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Prove or disprove: A power series that converges on $\left[0,1\right]$ is uniquely determined by any sequence of points converging to $1$.

More precisely, let $f, g:\left[0,1\right]\rightarrow\left[0,\infty\right)$ by expandable into power series $$\begin{align}\forall x\in\left[0,c\right] &\bullet f\left(x\right)=\sum_{i=0}^\infty a_ix^i\\ \forall x\in\left[0,c\right] &\bullet g\left(x\right)=\sum_{i=0}^\infty b_i x^j\end{align}$$ with non-negative coefficients that sum to $1$: $$\left\{\left.a_i, b_i\space:\right|i\in\mathbb{N}_0\right\}\subseteq\left[0,\infty\right)$$ $$\sum_{i=0}^\infty a_i = 1 = \sum_{i=0}^\infty b_i$$

Let $\left(s_j\right)_{j=0}^\infty$ be a strictly ascending sequence of points in $\left(0,1\right)$ that converges to $1$.

Is it true that $$\left(\forall j\in\mathbb{N}_0\bullet f\left(s_j\right)=g\left(s_j\right)\right)\implies\left(\forall i\in\mathbb{N}_0\bullet a_i=b_i\right)$$


Notes

  1. If the radii of convergence $R_f, R_g$ were both $>1$, or if $\left( s_j\right)_{j=0}^\infty$ converged to any number $\in\left[0,1\right)$, the claim would be an immediate consequence of Baby Rudin's Theorem 8.5:

    Suppose the series $\sum a_n x^n$ and $\sum b_n x^n$ converge in the segment $S=\left(-R, R\right)$. Let $E$ be the set of all $x\in S$ at which $$\sum_{n=0}^\infty a_n x^n = \sum_{n=0}^\infty b_n x^n$$ If $E$ has a limit point in $S$, then $a_n=b_n$ for $n=0,1,2,\dots$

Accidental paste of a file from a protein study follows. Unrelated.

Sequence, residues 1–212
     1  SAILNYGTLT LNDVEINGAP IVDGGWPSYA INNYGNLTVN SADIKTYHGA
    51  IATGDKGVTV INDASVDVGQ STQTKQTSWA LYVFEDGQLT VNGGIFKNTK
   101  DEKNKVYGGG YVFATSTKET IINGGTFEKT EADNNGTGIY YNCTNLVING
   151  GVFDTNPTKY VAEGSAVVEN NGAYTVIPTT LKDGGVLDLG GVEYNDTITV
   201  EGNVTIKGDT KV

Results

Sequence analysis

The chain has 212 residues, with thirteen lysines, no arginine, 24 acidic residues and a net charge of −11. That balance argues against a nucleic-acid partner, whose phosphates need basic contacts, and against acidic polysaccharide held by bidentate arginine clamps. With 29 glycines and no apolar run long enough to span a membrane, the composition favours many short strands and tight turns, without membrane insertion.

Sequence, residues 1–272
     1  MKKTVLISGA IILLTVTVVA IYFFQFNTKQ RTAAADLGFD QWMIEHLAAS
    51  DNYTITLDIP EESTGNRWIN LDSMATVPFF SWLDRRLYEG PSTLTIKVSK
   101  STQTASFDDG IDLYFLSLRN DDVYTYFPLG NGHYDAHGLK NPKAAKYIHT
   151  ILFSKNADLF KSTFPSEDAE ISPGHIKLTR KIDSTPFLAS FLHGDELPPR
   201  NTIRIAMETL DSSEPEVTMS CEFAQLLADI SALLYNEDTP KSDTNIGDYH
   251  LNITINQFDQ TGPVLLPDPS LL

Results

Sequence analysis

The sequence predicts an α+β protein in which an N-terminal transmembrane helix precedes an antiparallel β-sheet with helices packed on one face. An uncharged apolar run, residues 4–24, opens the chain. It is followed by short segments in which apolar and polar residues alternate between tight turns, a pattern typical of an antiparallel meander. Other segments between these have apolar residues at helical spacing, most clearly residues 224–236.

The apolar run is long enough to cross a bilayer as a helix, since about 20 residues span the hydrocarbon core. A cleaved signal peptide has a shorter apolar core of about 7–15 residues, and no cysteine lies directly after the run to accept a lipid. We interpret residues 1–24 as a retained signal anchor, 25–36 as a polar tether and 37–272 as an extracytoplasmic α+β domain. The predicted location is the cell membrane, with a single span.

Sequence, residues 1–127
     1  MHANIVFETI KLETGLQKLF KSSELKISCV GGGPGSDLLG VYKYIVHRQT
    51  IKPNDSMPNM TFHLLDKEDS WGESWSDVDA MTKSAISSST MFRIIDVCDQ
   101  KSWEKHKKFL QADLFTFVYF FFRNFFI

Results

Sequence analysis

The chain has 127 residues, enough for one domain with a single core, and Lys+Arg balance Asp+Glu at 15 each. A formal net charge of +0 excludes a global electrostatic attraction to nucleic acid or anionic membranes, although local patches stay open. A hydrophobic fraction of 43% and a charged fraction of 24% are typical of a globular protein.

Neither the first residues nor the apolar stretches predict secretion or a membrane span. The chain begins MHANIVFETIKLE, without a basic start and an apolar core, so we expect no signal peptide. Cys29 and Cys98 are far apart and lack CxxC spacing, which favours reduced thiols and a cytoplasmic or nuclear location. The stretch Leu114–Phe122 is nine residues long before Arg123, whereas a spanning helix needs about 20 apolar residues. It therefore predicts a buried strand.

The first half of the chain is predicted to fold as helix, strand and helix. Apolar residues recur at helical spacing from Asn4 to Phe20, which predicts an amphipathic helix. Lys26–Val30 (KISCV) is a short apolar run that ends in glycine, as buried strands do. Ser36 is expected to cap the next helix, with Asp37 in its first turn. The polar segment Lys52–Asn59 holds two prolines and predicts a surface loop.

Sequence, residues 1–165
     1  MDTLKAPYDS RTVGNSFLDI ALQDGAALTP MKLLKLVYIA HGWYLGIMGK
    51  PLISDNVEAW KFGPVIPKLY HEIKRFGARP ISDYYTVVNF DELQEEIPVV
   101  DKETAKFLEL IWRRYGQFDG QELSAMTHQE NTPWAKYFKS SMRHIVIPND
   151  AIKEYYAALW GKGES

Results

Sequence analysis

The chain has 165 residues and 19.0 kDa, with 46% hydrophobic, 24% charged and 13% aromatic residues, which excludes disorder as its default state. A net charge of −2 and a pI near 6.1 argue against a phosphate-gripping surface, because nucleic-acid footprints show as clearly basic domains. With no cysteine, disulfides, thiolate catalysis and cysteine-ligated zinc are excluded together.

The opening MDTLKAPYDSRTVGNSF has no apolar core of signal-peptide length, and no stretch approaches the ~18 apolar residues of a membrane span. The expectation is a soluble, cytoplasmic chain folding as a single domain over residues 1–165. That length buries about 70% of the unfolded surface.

2. The claim derives from Klenke, where it is stated as true without proof. (Theorem 3.2(iii))

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1 Answer 1

up vote 3 down vote accepted

It's not true. Consider the following series: $$ \eqalign{f(x) &= \sum_{j=1}^\infty \frac{3}{2^{2j}} x^{n_{2j-1}}\cr g(x) &= \frac{1}{2} + \sum_{j=1}^\infty \frac{3}{2^{2j+1}} x^{n_{2j}}\cr}$$ where $n_j$ is an increasing sequence of positive integers to be chosen. Thus $$h(x) = g(x) - f(x) = \frac{1}{2} + \frac{3}{2}\sum_{k=1}^\infty (-1)^k \frac{x^{n_k}}{2^k}$$ Let $$h_N(x) = \frac{1}{2} + \frac{3}{2}\sum_{k=1}^N (-1)^k \frac{x^{n_k}}{2^k}$$ Note that $(-1)^N h_N(1) = (1/2)^{N+1} > 0$. I will choose the $n_j$ and an increasing sequence $t_j \in [0,1)$ inductively so that $(-1)^j h(t_j) > 0$. This can be done as follows. We start with $t_0 = 0$, so $h(t_0) = 1/2 > 0$. Given $N$, $t_{N-1}$ and $n_1, \ldots, n_N$, take $t_N \in (t_{N-1},1)$ so close to $1$ that $(-1)^N h_N(t_N) > 0$. Since $|h(t) - h_N(t)| < 3 t^{n_{N+1}}/2^{N+1}$, by taking
$n_{N+1}$ large enough we can ensure that $(-1)^N h(t_N) > 0$.

Now note that by the Intermediate Value Theorem, for each $N$ there is $s_N$ with $t_N < s_N < t_{N+1}$ such that $h(s_N) = 0$.

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Thank you! It's a beautiful counter-example. I should have been more careful and posed my question as: "Prove or disprove..." –  Evan Aad Sep 5 '12 at 7:15

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